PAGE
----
“At 10am, when the cyclone was actually over Townsville, one report said the cyclone was expected to cross the coast at noon, causing horror to many people who thought worse was yet to come,” the Bulletin noted.

“The wording of some early reports by the Weather Bureau had also confused people, and had given them a false sense of security,” Mr Oost said.
House at Yarrawonga damaged by Cyclone Althea, 1971.
Source: Townsville City Libraries.
He cited one report that gave the cyclone’s position as 500 miles north-east of Mackay, but neglected to even mention Townsville, with the result that some people thought that meant Townsville would escape the danger.

At that time, the Weather Bureau only had access to two satellite images per day – a far cry from the satellite technology at its disposal today. In response to the criticism the Bureau resolved to strengthen its cyclone warning chain. Automatic weather stations would be erected on Creel and Zodiac Reefs, between Mackay and Rockhampton and at other locations along the coast, while another was being considered for Holmes Reef, east of Cairns.

But the Commonwealth Director of Meteorology, Dr W.J. Gibbs, was adamant that there would be no move to establish a cyclone warning centre outside of Brisbane.

“The bureau has limited staff, and if we put a cyclone warning centre in each major city along the coast, we would have to duplicate staff,” Dr Gibbs told the Bulletin.

“We would need 30 or 40 people to run each centre, including some highly trained meteorologists, and we see no advantage in having one in Townsville,” he said.

“We believe that the warnings were available in Townsville from Brisbane just as often as they would have been given from a centre in Townsville.”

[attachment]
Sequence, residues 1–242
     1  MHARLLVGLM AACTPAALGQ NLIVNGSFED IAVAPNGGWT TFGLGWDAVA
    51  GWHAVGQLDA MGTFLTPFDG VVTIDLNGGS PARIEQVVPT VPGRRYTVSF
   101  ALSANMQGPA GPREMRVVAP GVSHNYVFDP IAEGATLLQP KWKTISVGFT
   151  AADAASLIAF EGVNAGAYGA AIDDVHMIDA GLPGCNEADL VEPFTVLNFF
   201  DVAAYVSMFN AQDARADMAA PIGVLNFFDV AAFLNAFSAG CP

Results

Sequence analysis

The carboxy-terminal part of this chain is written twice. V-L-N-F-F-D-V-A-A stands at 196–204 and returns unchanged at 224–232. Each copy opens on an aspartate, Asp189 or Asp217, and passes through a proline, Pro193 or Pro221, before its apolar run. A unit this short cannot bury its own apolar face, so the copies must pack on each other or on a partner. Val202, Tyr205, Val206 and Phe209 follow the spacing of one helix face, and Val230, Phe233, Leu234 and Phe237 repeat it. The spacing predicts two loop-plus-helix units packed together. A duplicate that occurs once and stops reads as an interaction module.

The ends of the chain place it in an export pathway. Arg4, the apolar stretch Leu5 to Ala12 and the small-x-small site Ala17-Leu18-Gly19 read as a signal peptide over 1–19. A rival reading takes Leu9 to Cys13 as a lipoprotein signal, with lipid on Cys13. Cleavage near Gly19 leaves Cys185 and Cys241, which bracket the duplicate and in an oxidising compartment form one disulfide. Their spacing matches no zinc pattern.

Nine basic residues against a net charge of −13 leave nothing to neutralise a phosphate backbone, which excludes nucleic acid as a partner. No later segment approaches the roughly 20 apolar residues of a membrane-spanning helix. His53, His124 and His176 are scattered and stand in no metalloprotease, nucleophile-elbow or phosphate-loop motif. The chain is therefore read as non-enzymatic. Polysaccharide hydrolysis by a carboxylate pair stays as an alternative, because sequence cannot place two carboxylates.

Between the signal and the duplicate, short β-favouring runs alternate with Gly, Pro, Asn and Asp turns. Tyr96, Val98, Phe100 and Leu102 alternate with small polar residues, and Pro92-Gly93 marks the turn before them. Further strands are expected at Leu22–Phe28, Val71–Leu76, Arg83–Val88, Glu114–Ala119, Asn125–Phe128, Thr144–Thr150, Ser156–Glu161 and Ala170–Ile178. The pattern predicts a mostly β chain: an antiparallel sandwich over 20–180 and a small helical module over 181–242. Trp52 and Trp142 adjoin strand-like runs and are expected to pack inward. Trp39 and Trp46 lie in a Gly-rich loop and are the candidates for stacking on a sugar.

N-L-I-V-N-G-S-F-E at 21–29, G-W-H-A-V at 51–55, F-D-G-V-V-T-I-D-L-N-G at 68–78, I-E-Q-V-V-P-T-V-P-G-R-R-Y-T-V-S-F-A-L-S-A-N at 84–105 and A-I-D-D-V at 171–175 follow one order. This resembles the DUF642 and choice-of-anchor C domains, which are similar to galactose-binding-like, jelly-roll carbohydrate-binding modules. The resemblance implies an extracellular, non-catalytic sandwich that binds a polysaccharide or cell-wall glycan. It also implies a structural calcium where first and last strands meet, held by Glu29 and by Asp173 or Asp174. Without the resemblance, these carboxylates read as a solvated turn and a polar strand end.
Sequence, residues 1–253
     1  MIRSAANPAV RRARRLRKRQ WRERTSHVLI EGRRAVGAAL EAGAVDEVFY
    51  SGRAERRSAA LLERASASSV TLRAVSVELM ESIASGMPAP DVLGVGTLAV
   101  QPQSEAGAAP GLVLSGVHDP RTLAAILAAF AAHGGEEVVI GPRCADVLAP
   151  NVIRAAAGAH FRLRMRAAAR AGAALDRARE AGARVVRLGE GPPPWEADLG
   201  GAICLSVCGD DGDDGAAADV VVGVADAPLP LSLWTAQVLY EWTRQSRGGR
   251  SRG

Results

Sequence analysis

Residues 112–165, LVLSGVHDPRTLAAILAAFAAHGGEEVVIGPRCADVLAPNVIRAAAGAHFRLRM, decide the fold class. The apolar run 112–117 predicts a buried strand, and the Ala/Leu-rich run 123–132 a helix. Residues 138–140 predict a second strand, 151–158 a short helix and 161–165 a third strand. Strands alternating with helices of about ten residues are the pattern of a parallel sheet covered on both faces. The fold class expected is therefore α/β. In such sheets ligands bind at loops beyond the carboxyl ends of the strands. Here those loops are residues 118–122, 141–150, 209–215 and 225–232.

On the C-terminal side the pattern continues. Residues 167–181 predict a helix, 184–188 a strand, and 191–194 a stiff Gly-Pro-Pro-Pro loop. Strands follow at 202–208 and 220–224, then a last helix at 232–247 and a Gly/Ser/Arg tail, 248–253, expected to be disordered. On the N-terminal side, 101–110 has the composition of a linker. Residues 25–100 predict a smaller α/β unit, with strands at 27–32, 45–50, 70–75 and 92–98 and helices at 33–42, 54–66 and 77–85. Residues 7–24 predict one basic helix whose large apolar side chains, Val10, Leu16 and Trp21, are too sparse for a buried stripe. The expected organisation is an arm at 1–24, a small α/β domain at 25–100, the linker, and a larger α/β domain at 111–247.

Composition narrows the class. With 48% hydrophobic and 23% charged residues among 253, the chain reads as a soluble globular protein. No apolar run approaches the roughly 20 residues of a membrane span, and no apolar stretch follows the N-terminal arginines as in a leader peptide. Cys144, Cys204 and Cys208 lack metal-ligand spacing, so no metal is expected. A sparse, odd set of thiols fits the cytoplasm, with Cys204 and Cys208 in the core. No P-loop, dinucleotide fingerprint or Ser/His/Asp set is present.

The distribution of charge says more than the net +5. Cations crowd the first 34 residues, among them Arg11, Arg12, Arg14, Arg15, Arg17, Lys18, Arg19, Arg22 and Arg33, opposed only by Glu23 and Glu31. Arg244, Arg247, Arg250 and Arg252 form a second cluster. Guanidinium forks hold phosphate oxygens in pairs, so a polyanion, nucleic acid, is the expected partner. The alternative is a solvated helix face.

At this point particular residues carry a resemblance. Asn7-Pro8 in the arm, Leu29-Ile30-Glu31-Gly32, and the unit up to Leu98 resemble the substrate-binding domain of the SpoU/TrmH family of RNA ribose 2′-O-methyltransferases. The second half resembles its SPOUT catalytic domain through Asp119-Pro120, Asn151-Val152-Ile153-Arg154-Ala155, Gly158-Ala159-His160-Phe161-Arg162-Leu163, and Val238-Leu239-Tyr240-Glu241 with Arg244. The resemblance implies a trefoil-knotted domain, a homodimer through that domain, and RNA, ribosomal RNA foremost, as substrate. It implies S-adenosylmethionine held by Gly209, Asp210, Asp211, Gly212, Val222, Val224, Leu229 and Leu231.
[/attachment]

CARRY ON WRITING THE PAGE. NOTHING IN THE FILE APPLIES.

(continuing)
“The fact is that the people of Townsville did get 20 hours warning that they were going to get destructive winds.”
House and car damaged by Cyclone Althea, 1971.
Source: Townsville City Libraries.
Along with an inadequate system of weather updates, Cyclone Althea also uncovered serious deficiencies in building construction in Townsville.

Mr R.N. Bonnett, Federal Member for Herbert, told the Bulletin in late December 1971 that he thought “stricter supervision of construction” might have resulted in less damage to homes.

“Some of the houses I visited, which had lost their roofs and suffered wall damage, disclosed the fact that there had been a definite skimping in the usage of building materials, such as roofing nails and screws, anchor bolts, and reinforcement rods,” Mr Bonnett said.

But a report commissioned by the State Government into the effects of the cyclone attributed severe damage in Townsville generally to inadequate design, rather than poor workmanship. The report recommended the immediate amendment of building by-laws and appropriate specifications to meet structural requirements in cyclone-prone areas.
Houses damaged by Cyclone Althea, 1971.
Source: Townsville City Libraries.

Monday, 14 December 2015

Australian Institute of Tropical Medicine

The first medical research institute in Australia was established by the Commonwealth government in Townsville in 1910. Under the Directorship of Dr Anton Breinl, the Australian Institute of Tropical Medicine’s formal function was to further medical knowledge of tropical diseases and to study the effects of the northern Australian climate on the “white race”.

The Australian Institute of Tropical Medicine, in the grounds of the Townsville Hospital, was officially opened on 28 June 1913.
Source:  U.S. National Library of Medicine.